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Audemars Piguet at papal time


With its new Code 11.59 Starwheel, the Manufacture in Le Brassus reinterprets an almost forgotten horological complication, dating back to Pope Alexander VII.

These days, even popes wear a watch.

But once, they had clocks.

Audemars Piguet drew inspiration for its new timepiece, as complex as it is poetic, the Code 11.59 Starwheel, commissioned in the 17th century by Alexander VII.

This pope, suffering from insomnia, had ordered from the Campani brothers, watchmakers in Rome, a

“night clock”,

which would be both silent, so as not to disturb his sleep, which was already difficult, and easy to read in the dark.

They then imagined the first clock with a wandering display on which the time made a semi-circle in a window punctuated with quarter-hours lit from the inside.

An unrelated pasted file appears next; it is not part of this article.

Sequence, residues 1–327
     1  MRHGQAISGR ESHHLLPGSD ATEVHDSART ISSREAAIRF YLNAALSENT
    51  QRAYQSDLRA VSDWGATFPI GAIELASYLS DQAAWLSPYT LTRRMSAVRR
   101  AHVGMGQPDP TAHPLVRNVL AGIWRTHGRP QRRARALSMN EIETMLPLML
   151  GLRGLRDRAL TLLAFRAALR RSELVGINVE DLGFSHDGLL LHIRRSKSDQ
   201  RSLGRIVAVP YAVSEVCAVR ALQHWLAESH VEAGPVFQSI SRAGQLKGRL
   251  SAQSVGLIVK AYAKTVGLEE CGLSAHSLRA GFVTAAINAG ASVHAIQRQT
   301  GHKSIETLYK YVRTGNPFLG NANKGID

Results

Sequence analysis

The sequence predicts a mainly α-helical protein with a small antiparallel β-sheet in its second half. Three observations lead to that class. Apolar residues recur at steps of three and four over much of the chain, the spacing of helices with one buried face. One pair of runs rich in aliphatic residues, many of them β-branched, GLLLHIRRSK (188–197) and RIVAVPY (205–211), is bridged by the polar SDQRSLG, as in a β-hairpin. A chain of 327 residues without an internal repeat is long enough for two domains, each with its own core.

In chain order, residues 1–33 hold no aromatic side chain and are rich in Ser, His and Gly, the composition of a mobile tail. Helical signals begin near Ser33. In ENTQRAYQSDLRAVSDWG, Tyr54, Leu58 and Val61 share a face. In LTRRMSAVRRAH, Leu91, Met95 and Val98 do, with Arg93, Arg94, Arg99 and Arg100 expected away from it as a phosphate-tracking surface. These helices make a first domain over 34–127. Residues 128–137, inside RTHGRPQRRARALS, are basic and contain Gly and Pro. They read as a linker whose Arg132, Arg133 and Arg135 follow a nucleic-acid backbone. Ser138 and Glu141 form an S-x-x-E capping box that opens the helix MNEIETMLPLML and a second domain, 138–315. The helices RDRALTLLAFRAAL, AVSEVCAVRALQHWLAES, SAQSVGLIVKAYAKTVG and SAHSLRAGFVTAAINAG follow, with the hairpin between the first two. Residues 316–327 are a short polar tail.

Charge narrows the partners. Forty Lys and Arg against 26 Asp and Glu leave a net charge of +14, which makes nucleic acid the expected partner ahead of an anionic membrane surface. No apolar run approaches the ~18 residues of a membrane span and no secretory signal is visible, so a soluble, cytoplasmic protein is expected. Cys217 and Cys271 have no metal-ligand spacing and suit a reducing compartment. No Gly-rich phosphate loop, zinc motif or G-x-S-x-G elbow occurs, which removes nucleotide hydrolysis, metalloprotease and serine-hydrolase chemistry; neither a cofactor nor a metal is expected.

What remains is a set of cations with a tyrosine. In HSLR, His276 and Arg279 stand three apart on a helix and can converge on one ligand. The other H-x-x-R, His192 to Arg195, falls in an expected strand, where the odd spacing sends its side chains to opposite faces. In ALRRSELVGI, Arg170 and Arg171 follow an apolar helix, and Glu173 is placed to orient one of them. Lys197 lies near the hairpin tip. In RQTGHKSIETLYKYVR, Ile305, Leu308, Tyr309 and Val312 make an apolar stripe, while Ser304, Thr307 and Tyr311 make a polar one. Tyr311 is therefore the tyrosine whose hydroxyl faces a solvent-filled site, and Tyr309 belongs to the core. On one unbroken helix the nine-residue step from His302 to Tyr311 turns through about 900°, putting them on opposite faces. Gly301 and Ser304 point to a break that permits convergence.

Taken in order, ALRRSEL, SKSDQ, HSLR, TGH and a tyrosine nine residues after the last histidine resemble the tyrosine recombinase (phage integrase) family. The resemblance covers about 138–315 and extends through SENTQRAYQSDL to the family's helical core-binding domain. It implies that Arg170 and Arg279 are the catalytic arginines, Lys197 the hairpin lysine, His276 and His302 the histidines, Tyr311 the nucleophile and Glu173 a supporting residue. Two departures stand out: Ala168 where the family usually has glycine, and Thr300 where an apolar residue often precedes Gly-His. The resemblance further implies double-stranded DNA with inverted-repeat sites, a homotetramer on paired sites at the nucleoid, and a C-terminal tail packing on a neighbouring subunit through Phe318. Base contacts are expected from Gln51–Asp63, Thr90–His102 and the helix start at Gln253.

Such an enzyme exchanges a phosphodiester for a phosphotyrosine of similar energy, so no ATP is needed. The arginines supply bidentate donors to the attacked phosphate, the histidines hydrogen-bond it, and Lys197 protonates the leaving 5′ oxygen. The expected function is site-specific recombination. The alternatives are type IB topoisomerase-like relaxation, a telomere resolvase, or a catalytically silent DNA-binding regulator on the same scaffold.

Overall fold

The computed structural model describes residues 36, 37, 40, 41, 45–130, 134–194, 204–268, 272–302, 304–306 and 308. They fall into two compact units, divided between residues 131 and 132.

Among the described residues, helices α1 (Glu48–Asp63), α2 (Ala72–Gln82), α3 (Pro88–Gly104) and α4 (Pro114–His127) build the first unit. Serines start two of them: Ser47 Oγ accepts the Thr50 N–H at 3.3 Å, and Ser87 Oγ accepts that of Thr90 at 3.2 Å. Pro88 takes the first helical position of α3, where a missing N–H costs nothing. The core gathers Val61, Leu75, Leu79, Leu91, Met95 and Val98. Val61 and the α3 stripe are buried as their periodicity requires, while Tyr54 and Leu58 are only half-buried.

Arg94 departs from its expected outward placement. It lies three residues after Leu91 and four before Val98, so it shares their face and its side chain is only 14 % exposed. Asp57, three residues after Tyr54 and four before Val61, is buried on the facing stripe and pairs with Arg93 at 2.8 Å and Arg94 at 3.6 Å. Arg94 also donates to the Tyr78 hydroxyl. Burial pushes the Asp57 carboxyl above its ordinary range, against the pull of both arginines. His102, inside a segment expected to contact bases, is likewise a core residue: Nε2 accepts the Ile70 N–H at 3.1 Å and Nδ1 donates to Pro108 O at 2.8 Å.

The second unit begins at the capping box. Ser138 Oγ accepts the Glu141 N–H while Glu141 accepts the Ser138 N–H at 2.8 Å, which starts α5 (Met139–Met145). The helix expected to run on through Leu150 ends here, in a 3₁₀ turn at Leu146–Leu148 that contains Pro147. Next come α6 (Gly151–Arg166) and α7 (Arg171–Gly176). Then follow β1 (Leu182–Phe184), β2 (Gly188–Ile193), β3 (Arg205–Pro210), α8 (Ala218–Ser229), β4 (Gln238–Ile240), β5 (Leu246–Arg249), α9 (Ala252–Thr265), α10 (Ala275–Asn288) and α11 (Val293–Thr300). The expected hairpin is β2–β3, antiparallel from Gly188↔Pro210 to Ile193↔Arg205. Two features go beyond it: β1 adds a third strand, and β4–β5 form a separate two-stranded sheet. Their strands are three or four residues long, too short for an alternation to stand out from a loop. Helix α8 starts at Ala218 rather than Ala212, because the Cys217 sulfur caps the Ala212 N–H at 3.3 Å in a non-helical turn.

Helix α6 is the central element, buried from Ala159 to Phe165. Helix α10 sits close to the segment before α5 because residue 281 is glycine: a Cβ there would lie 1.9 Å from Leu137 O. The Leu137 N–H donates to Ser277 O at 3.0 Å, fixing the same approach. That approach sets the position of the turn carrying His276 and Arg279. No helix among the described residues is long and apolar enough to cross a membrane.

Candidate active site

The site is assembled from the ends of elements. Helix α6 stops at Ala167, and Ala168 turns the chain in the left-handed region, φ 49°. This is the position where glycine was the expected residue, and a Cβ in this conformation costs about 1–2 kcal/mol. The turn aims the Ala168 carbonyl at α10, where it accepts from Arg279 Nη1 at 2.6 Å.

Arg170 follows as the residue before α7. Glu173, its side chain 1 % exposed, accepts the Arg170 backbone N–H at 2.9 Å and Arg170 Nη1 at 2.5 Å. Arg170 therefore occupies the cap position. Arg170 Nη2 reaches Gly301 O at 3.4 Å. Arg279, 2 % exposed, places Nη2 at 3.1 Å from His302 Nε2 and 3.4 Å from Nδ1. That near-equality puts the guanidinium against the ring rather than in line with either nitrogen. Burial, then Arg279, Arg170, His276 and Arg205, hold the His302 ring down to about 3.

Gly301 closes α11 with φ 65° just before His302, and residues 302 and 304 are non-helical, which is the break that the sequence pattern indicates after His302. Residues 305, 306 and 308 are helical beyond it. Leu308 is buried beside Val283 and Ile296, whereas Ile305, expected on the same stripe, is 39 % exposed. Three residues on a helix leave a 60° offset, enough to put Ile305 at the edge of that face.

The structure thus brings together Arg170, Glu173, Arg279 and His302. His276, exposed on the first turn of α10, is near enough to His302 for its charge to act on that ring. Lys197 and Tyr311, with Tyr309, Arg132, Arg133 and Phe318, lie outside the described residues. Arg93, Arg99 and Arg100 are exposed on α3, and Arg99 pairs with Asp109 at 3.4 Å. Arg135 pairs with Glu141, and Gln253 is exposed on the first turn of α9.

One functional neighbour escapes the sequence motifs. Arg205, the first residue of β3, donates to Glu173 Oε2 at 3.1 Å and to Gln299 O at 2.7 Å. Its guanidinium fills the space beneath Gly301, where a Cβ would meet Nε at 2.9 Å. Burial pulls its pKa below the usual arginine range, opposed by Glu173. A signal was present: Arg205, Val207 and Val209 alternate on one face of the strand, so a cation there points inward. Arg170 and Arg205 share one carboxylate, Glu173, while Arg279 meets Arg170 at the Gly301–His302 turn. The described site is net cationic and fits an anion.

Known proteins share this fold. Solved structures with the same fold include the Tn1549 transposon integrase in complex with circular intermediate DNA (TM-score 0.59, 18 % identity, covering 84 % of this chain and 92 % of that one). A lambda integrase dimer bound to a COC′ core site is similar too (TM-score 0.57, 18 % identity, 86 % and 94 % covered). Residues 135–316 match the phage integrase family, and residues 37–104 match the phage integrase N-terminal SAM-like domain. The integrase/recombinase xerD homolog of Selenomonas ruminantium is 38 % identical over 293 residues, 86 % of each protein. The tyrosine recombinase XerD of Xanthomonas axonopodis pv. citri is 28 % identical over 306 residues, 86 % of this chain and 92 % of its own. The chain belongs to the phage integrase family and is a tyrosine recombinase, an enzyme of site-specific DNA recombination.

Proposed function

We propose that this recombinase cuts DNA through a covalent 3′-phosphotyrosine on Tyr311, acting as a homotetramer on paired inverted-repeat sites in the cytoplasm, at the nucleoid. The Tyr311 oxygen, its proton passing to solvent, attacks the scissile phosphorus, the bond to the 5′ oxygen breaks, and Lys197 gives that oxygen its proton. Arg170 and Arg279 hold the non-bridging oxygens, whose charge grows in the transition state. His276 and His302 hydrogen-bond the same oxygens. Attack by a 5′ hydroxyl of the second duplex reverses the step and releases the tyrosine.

“I found a copy of Pier Tommaso Campani's letter recounting this development in 1656,

comments Sebastian Vivas, director of museums and heritage at Audemars Piguet.

Such a way of displaying the time in a very original and luminous way is extremely modern, as an idea, in the 17th century.”

See also Audemars Piguet reinterprets the wandering hour, a complication invented for the Vatican in the 17th century

"We go from a night clock to a wandering hour"

Miniaturizing timepieces…

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Source: lefigaro

All news articles on 2023-01-13

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